Cyto- and myelo-architecture of the amygdaloid complex of the common marmoset monkey (Callithrix jacchus)
EntityUAM. Departamento de Anatomía, Histología y Neurociencia
PublisherFrontiers Media S.A.
10.3389/fnana.2019.00036Frontiers in Neuroanatomy 13.March (2019): 36
Funded byThis work was supported by funding from the Conselho Nacional de Desenvolvimento Científico e Tecnológico (CNPq-Brazil) Programa de Ciencia sem Fronteiras—Pesquisador Visitante Especial 024.028/2017, PVE 2014 and 400730/2014-6, PVE 2014 and by a grant from the Ministerio de Educación y Cultura, programa hispano brasileño de cooperación interuniversitaria, PHB H2012-0011 (Spain).
ProjectGobierno de España. PHB H2012-0011
SubjectsAmygdaloid complex; Marmoset Callithrix jacchus; Myelin staining; Nuclear division; Tractography; Medicina
Rights© 2019 Araújo Góis Morais, García-Amado, Lima, Córdoba-Claros, Souza Cavalcante, Clascá and Nascimento
Esta obra está bajo una Licencia Creative Commons Atribución 4.0 Internacional.
The amygdaloid complex (AC) is a heterogeneous aggregate of nuclei located in the rostromedial region of the temporal lobe. In addition to being partly connected among themselves, the AC nuclei are strongly interconnected with the cerebral cortex, striatum, basal forebrain, hypothalamus and brainstem. Animal and human functional studies have established that the AC is a central hub of the neuronal networks supporting emotional responsivity, particularly its negative/aversive components. Dysfunction of AC circuits in humans has been implicated in anxiety, depression, schizophrenia and bipolar disorder. The small New-World marmoset monkey (Callithrix jacchus) has recently become a key model for neuroscience research. However, the nuclear and fiber tract organization of marmoset AC has not been examined in detail. Thus, the extent to which it can be compared to the AC of Old-World (human and macaque) primates is yet unclear. Here, using Nissl and acetylcholinesterase (AChE) histochemical stains as a reference, we analyzed the cytoarchitecture and nuclear parcellation of the marmoset AC. In addition, given the increasing relevance of tractographic localization for high-resolution in vivo imaging studies in non-human primates, we also identified the myelin fiber tracts present within and around the AC as revealed by the Gallyas method. The present study provides a detailed atlas of marmoset AC. Moreover, it reveals that, despite phylogenetic distance and brain size differences, every nucleus and myelinated axon bundle described in human and macaque studies can be confidently recognized in marmosets.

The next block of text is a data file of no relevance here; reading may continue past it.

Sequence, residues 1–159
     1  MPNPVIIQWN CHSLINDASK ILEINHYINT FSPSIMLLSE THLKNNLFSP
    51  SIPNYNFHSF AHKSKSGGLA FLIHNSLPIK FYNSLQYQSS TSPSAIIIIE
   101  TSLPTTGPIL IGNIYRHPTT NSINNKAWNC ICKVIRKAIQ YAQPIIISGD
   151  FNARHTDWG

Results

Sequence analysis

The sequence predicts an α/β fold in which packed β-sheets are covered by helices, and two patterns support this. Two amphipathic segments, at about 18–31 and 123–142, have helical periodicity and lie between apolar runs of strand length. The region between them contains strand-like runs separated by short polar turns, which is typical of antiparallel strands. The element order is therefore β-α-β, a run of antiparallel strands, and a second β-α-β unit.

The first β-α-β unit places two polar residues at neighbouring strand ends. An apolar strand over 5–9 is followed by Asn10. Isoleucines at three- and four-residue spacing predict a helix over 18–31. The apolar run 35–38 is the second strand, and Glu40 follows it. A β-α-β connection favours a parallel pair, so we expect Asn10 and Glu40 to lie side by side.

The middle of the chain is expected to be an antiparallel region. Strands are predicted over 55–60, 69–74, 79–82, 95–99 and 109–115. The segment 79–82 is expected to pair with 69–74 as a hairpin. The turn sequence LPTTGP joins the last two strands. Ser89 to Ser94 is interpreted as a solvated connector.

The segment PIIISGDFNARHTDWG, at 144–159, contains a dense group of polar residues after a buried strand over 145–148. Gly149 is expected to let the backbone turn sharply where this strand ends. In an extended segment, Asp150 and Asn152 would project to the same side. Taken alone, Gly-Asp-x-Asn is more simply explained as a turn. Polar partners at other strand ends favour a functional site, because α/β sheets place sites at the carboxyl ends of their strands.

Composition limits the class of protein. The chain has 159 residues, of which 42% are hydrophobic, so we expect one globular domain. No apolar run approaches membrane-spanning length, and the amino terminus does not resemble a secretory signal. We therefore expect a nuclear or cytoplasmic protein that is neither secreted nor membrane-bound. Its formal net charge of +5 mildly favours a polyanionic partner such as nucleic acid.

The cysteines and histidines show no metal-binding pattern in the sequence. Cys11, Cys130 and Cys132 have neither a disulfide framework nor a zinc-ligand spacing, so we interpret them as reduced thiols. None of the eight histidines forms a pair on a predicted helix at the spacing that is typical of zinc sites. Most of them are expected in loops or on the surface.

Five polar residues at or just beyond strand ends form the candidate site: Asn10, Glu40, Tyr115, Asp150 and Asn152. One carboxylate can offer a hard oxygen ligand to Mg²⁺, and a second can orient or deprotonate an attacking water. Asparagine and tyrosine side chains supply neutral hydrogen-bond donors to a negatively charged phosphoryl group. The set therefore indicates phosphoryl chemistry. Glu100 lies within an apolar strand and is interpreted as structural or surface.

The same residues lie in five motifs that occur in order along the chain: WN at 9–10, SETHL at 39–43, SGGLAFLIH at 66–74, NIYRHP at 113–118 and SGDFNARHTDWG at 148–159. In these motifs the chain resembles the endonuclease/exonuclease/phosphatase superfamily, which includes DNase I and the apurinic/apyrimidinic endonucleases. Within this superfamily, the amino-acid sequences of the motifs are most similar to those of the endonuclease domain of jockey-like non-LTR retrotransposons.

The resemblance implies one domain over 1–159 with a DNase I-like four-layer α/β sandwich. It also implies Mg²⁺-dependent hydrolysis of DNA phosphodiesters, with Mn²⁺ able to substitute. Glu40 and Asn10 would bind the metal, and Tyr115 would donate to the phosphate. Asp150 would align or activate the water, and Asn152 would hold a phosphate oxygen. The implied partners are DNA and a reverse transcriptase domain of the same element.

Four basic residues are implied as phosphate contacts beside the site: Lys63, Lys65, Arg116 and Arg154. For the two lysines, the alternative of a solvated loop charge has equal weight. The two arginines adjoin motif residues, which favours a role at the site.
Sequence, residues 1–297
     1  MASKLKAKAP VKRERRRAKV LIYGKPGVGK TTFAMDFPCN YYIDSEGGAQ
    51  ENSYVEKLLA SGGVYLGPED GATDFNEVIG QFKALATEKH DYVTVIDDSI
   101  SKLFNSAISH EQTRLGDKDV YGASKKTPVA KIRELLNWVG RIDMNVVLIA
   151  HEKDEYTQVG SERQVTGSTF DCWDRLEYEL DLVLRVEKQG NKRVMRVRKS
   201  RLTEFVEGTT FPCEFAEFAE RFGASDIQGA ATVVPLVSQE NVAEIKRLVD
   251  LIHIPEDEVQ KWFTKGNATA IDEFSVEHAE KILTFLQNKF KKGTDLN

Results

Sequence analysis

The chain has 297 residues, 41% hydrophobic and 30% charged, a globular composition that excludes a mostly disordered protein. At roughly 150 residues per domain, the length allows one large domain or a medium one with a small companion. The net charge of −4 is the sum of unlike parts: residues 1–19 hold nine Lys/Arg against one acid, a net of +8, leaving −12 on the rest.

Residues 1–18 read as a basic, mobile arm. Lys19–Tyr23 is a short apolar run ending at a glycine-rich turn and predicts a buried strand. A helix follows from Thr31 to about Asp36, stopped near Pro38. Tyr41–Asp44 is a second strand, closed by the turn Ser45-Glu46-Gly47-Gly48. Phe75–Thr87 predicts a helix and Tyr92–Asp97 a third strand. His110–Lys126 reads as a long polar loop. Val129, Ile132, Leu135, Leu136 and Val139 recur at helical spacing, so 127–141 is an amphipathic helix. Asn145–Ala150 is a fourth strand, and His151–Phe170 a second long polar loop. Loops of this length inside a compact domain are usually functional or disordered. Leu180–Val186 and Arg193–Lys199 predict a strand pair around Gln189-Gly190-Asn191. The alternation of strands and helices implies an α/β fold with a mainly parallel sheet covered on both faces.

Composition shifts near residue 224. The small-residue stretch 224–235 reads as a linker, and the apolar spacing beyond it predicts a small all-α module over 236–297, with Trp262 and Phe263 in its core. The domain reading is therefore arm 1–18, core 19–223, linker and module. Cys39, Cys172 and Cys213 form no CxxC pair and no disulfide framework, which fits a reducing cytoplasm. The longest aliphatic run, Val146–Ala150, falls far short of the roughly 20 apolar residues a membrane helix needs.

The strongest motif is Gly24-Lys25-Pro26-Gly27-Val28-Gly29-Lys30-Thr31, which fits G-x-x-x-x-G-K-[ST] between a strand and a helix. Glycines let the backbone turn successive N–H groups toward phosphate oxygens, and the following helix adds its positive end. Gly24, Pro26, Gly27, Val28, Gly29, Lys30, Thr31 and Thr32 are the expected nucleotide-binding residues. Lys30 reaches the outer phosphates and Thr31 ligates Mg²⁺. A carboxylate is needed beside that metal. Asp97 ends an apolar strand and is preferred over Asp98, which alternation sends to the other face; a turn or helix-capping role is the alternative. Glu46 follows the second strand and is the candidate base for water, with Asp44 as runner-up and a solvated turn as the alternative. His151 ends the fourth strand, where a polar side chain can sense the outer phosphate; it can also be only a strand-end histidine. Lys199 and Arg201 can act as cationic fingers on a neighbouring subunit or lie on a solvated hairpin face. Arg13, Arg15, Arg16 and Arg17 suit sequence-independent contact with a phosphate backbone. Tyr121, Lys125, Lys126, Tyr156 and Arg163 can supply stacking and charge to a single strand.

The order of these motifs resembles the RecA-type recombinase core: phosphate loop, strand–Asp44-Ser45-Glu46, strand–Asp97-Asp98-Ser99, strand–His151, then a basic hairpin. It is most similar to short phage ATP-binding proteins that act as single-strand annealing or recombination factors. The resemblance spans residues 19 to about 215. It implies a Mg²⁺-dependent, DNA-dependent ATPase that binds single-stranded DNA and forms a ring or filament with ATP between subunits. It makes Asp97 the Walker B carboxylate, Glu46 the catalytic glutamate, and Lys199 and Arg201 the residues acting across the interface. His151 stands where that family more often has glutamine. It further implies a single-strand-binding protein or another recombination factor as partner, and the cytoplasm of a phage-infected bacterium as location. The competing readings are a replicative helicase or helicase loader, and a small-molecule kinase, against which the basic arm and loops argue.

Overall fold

Google Scholar:Araújo Góis Morais, Paulo Leonardo - García-Amado, María - Lima, Ruthnaldo Rodrigues Melo - Córdoba-Claros, Angélica - Souza Cavalcante, Jeferson - Clascá, Francisco - Nascimento, Expedito Silva
This item appears in the following Collection(s)
Showing items related by title, author, creator and subject.